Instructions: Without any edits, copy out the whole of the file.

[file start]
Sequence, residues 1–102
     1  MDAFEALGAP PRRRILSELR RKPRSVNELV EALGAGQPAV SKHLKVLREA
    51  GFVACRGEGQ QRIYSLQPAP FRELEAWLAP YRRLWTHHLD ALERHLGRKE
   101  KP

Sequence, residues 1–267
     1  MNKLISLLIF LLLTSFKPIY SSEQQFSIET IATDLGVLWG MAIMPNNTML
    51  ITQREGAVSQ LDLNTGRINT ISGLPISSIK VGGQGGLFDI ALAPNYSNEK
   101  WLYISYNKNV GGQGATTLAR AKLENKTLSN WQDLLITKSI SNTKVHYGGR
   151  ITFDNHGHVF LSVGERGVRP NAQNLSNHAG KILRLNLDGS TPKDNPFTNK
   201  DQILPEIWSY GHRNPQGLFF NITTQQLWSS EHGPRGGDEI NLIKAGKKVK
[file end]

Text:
Sequence, residues 1–102
     1  MDAFEALGAP PRRRILSELR RKPRSVNELV EALGAGQPAV SKHLKVLREA
    51  GFVACRGEGQ QRIYSLQPAP FRELEAWLAP YRRLWTHHLD ALERHLGRKE
   101  KP

Sequence, residues 1–267
     1  MNKLISLLIF LLLTSFKPIY SSEQQFSIET IATDLGVLWG MAIMPNNTML
    51  ITQREGAVSQ LDLNTGRINT ISGLPISSIK VGGQGGLFDI ALAPNYSNEK
   101  WLYISYNKNV GGQGATTLAR AKLENKTLSN WQDLLITKSI SNTKVHYGGR
   151  ITFDNHGHVF LSVGERGVRP NAQNLSNHAG KILRLNLDGS TPKDNPFTNK
   201  DQILPEIWSY GHRNPQGLFF NITTQQLWSS EHGPRGGDEI NLIKAGKKVK